Zuckerman draws attention to four problems associated with this data set. These are possible low response rates, weaknesses in random sample selection, regime or peer pressure in influencing responses and problems of terminological variation between cultures over words such as religious’ or‘secular’. Despite these possible sources of error however Zuckerman urges acceptance of the data by quoting Robert Putnam to the effect that “we must make do with the imperfect evidence that we can find, not merely lament its deficiencies.”

On its own, each of these 'deficiencies' is enough to shoot down the study; together, they cast serious doubt on its methodology and therefore its conclusions! If their samples are not representative, participation of respondents is evaluated as 'low rate', the terminology used was not clear or sufficiently defined, and variables were not accounted for, how rigorous was the research? If the researchers are aware of the flows of the study, define them as 'deficiencies', yet still urge that their work be accepted, then that can only indicate a subjective bias on their part, which casts further doubt on the whole study.

Another point, how can any serious research compare Angola, Afghanistan and Bangladesh, with Belgium and Denmark without factoring in things like rate of illiteracy, education, poverty, malnourishment, socio-political instability, access to computers....all are factors which would influence an individual's IQ score and would definitely reflect on the results of 'IQ' rate on a national level. I will not broach the point of national income, sanitation, disease and availability of health care. All of these are factors which affect the development of a child, and have nothing to do with the presence or lack of a belief system.

This study while claiming to have global significance (137 countries), is so seriously flawed that I doubt the relevance of its findings on any level, let alone reaching a valid conclusion on the rate of intelligence of several billion people.















Edited by meryt-tetisheri, 19 November 2012 - 03:35 AM.


#96    Imaginarynumber1

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Posted 19 November 2012 - 03:38 AM

View Postmeryt-tetisheri, on 19 November 2012 - 03:27 AM, said:

It is 4 A.M. here, so I will just make a very brief comment on the study. I had a brief look at it but will read it in more detail later.
One cannot but have serious doubts about the validity of the study, or about the universal applicability of its findings when one of its main sources states the following:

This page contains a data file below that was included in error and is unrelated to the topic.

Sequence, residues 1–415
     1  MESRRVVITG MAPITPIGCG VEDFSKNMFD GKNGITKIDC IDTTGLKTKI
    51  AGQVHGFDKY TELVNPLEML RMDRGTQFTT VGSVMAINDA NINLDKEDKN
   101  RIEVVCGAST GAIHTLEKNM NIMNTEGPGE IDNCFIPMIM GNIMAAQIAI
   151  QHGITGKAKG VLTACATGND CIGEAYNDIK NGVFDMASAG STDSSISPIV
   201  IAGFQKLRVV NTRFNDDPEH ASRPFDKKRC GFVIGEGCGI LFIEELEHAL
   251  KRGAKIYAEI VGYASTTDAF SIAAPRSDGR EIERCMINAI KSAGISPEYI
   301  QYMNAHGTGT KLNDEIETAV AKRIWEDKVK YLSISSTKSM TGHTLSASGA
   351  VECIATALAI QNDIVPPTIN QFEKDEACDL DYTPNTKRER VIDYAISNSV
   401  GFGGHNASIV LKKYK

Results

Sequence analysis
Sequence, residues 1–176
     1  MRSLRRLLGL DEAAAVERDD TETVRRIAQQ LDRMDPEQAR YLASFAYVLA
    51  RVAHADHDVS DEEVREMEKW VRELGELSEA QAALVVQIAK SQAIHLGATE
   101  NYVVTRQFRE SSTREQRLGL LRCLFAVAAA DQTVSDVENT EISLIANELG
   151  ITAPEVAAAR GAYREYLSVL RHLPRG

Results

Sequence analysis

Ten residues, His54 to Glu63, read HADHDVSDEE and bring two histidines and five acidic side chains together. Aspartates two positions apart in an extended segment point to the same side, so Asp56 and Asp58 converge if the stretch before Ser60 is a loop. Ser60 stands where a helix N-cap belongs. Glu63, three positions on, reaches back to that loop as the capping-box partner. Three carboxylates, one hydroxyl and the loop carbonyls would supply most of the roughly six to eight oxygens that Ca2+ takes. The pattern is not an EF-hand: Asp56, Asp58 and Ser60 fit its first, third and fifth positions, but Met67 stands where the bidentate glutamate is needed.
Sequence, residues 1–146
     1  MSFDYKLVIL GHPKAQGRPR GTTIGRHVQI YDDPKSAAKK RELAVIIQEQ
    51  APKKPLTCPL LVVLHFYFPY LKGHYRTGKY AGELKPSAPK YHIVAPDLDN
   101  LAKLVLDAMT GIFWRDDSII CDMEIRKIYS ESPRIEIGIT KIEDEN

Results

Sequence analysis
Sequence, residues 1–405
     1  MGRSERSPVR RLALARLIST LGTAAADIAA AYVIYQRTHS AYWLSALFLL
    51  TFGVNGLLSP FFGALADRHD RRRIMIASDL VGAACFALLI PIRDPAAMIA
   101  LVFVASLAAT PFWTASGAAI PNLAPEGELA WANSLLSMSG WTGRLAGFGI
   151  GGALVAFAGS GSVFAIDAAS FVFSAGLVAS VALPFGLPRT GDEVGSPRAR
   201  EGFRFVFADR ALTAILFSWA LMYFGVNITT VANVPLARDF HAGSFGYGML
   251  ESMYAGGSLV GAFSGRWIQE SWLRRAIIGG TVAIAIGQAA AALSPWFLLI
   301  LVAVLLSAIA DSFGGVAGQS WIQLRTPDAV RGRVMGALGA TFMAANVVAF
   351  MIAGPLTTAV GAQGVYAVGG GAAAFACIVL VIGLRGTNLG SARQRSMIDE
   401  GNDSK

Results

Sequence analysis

On its own, each of these 'deficiencies' is enough to shoot down the study; together, they cast serious doubt on its methodology and therefore its conclusions! If their samples are not representative, participation of respondents is evaluated as 'low rate', the terminology used was not clear or sufficiently defined, and variables were not accounted for, how rigorous was the research? If the researchers are aware of the flows of the study, define them as 'deficiencies', yet still urge that their work be accepted, then that can only indicate a subjective bias on their part, which casts further doubt on the whole study.

Another point, how can any serious research compare Angola, Afghanistan and Bangladesh, with Belgium and Denmark without factoring in things like rate of illiteracy, education, poverty, malnourishment, socio-political instability, access to computers....all are factors which would influence an individual's IQ and would definitely reflect on the results of 'IQ' on a national level. I will not broach the point of national income, sanitation, disease and availability of health care. All of these are factors which affect the development of a child, and have nothing to do with the presence or lack of a belief system.

This study while claiming to have global significance (137 countries), is so seriously flawed that I doubt the relevance of its findings on any level, let alone reaching a valid conclusion on the rate of intelligence of several billion people.


You raise some good points, but the fact remains, when you look at academia, very very few of the worlds best and brightest are religious in any sense of the word. I think about 3% of Royal Society fellows believe in any god and a poll in the 90's showed that about 7% of members of the American National Academy of Sciences believed in a god.

Personally, I just don't care.